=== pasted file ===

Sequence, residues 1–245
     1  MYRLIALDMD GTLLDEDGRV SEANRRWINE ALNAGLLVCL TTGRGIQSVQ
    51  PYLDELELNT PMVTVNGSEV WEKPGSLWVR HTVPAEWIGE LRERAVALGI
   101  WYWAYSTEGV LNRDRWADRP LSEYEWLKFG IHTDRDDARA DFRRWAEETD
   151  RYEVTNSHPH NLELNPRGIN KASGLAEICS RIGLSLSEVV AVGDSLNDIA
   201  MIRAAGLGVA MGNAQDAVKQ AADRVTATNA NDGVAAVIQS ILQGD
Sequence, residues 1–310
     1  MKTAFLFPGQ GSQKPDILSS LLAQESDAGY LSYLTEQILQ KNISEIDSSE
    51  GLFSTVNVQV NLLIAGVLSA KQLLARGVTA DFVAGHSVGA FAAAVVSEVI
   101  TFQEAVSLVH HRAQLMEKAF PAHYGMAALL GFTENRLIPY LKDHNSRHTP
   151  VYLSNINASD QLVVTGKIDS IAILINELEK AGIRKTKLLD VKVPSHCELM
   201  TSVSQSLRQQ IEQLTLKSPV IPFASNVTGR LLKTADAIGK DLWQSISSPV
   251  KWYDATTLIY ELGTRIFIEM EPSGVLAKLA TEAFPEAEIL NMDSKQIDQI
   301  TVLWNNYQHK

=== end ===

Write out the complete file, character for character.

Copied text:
Sequence, residues 1–245
     1  MYRLIALDMD GTLLDEDGRV SEANRRWINE ALNAGLLVCL TTGRGIQSVQ
    51  PYLDELELNT PMVTVNGSEV WEKPGSLWVR HTVPAEWIGE LRERAVALGI
   101  WYWAYSTEGV LNRDRWADRP LSEYEWLKFG IHTDRDDARA DFRRWAEETD
   151  RYEVTNSHPH NLELNPRGIN KASGLAEICS RIGLSLSEVV AVGDSLNDIA
   201  MIRAAGLGVA MGNAQDAVKQ AADRVTATNA NDGVAAVIQS ILQGD
Sequence, residues 1–310
     1  MKTAFLFPGQ GSQKPDILSS LLAQESDAGY LSYLTEQILQ KNISEIDSSE
    51  GLFSTVNVQV NLLIAGVLSA KQLLARGVTA DFVAGHSVGA FAAAVVSEVI
   101  TFQEAVSLVH HRAQLMEKAF PAHYGMAALL GFTENRLIPY LKDHNSRHTP
   151  VYLSNINASD QLVVTGKIDS IAILINELEK AGIRKTKLLD VKVPSHCELM
   201  TSVSQSLRQQ IEQLTLKSPV IPFASNVTGR LLKTADAIGK DLWQSISSPV
   251  KWYDATTLIY ELGTRIFIEM EPSGVLAKLA TEAFPEAEIL NMDSKQIDQI
   301  TVLWNNYQHK